06 Aug Communities as Partners in Health Interventions
Post written by Pritpal S Tamber
Over the last two-and-a-half months we published a series on Stanford Social Innovation Review (SSIR) that explored what it would mean for communities to be involved in the design, implementation, and evaluation of health interventions. My co-curators and I worked hard to ensure it included the voices of different types of experts, from the technical to the local. Without wanting to choose favourites, we’re especially proud of harnessing the voices of local experts – the community members themselves. As is increasingly being said, health happens in communities so those that live within them have essential insights for us to listen to and understand – insights that are rarely heard.
The series has had a great response but our favourite is from a group of community workers who read the articles as they came out and asked themselves what they might change in their work. This is music to our ears. We wanted to create something practical, not theoretical. We tried to include clear steps on what people might do next to better involve the community in defining and creating health. We hope those community workers found new ideas and approaches that they’ll use in their work.
We’re looking to create an eBook of the series. While the content will always be online at SSIR, we think a book, albeit an electronic one, gives it a sense of authority, which may aid its overall message. We hope to share more news on that soon.
As the series was being published, I also began to plan the next meeting of the Creating Health Collaborative. This year we’ve expanded to twenty-two people, all trying to work out what it means to create health rather than organise around sickness (whether it be as prevention or care). TheSSIR series brought the Collaborative significant attention, which led to quite a few requests to join. I remain of the view that the Collaborative has to be about those doing rather than thinking, which influenced how I responded to the requests. I’m not sure, however, that I’m right in that view, which is why I’m going to ask this year’s members for their counsel. It’s clear that people want to get involved – and just because someone is not in a position to do doesn’t mean they don’t’ have anything to contribute.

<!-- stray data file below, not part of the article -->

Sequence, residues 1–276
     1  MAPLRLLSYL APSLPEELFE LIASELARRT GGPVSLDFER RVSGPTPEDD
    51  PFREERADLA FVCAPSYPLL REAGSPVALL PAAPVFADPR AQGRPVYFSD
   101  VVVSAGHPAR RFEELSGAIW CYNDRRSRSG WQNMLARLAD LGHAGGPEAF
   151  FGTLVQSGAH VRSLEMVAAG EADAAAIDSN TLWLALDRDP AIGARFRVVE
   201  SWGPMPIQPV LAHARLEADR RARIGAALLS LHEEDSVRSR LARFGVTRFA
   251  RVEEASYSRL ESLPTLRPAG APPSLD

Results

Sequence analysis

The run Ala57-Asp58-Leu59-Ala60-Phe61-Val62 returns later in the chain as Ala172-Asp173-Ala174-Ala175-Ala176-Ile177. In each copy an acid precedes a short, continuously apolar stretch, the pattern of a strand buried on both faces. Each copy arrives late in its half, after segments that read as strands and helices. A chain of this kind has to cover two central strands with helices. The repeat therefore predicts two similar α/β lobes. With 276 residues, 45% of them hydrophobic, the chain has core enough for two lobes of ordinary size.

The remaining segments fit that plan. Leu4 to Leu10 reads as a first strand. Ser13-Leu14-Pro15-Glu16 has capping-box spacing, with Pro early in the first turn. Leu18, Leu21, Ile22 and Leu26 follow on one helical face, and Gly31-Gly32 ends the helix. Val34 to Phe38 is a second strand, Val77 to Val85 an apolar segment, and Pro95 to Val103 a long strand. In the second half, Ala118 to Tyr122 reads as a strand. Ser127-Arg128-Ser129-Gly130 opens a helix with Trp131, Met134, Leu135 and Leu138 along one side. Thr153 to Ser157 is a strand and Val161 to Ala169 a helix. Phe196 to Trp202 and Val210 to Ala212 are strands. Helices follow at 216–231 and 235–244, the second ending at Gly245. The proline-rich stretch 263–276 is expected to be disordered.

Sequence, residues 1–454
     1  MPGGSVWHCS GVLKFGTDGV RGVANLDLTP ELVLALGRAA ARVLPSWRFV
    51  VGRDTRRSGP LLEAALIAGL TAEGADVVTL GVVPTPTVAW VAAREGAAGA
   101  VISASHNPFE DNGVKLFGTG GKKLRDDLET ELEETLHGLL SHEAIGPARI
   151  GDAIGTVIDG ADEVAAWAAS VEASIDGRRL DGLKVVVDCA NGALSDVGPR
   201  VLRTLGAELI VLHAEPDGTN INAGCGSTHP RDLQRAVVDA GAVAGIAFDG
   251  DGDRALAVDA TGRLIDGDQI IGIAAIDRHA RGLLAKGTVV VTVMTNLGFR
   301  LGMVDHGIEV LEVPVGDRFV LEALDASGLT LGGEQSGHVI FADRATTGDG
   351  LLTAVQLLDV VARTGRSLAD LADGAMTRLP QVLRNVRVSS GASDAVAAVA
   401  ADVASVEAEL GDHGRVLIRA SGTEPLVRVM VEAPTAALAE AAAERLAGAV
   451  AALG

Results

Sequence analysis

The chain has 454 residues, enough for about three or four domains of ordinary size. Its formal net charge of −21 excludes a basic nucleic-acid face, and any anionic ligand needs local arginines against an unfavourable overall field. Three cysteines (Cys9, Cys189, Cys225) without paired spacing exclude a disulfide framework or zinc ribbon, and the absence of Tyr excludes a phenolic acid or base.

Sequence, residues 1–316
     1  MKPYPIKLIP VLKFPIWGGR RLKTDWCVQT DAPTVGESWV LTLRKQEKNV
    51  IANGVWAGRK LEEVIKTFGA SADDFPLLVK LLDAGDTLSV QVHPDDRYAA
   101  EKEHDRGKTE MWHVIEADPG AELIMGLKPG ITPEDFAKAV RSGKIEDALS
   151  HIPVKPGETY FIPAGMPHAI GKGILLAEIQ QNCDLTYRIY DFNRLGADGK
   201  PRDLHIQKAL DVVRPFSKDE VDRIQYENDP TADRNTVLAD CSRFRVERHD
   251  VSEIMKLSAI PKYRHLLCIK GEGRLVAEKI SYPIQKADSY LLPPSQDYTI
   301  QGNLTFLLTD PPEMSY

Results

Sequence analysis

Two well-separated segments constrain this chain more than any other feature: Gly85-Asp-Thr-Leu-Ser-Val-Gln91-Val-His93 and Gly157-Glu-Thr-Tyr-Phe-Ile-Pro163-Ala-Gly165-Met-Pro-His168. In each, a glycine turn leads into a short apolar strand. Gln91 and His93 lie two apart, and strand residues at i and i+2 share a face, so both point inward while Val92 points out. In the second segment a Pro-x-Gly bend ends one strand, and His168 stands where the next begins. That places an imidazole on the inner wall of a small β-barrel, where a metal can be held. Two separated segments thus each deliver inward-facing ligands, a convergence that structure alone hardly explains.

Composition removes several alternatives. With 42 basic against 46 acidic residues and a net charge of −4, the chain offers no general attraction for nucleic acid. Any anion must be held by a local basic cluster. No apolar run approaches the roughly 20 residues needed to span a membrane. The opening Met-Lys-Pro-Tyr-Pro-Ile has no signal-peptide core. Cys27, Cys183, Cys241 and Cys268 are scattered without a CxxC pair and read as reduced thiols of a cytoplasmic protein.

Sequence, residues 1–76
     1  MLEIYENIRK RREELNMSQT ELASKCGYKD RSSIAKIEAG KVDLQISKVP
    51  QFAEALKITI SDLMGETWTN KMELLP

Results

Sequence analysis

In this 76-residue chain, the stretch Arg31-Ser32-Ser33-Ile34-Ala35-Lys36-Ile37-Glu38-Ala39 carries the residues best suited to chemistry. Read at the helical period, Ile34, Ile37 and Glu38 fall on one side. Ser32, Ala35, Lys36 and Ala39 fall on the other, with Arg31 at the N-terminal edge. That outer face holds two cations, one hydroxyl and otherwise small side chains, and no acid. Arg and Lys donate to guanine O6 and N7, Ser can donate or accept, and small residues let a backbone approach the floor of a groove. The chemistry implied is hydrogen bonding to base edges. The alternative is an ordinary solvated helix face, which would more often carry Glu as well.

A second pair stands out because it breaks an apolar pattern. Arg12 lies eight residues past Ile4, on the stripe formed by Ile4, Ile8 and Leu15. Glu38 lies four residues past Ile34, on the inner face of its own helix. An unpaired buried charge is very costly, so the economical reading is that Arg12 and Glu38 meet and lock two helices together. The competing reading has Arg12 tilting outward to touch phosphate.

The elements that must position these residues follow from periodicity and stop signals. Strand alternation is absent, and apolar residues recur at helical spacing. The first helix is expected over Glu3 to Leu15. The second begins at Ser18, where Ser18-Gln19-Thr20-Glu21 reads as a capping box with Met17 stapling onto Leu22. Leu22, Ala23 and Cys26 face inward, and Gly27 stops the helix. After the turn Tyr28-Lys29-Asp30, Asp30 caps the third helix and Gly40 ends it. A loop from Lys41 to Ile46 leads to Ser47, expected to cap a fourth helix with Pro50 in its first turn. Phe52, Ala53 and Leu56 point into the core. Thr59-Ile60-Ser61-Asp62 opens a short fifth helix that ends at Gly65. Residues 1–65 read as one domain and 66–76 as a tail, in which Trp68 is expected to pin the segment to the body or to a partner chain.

The Collaborative’s meeting will go further than last year’s during which we incubated the idea of health beyond the lens of health care, and drafted the emerging principles. Seven people will share how their organisations are adopting a broader lens and implementing programmes outside of prevention and care to improve people’s health – however it is that their communities define ‘health’. We’ll be hearing stories of local democracy, nurturing youth leadership, and finding new business models, to name just three of the themes.
It’s immensely hard for established organisations to shift their focus from health care to health. Five people will share how their organisations are making this change, including how they made the case to internal colleagues and how they are defining new models and metrics to inform new business processes – just two of the themes from the five.
Finally, we’re aware that there is a fair amount of ‘community health’ activity out there, seemingly fuelled by the new (and confused) mantra of ‘population health’. Three people will help us understand the broader landscape, such as lessons from the world of collective impact or community wealth building, to ensure we don’t accidentally create a silo of thinking.
One of the people who’ll be sharing how their organisation is changing is Ollie Smith of Guy’s and St Thomas’ Charity, a philanthropic organisation serving the people of two boroughs of South London, Lambeth and Southwark. Since funding and attending the Collaborative’s meeting last year, he’s convinced his colleagues that they need to explore the possibilities of community-led health.
Over the next few months, I’ll be working with him to pull the evidence together and begin to outline what a health-creating programme grounded in the needs of the people and communities of Lambeth and Southwark might look like. It’s an immensely exciting opportunity and one that builds on the kind of thought leadership Ollie shared through his article in the SSIR series – specifically that long-range, place-based capital has an important catalytic role to play in finding this new approach to health.
As if all of that wasn’t enough my final ‘beginning’ to share is that my Dutch colleagues have decided to meet again to explore what health beyond health care means to them (I wrote about them in my last post). Whether it’s the Dutch Collaborative or something else, I’m hopeful it’ll catalyse a community-led voice on the future of health.
As ever, I haven’t got a clue where any of this is going. I just know that the future of health cannot just be about health care; it has to include the voices of the people – and on their terms.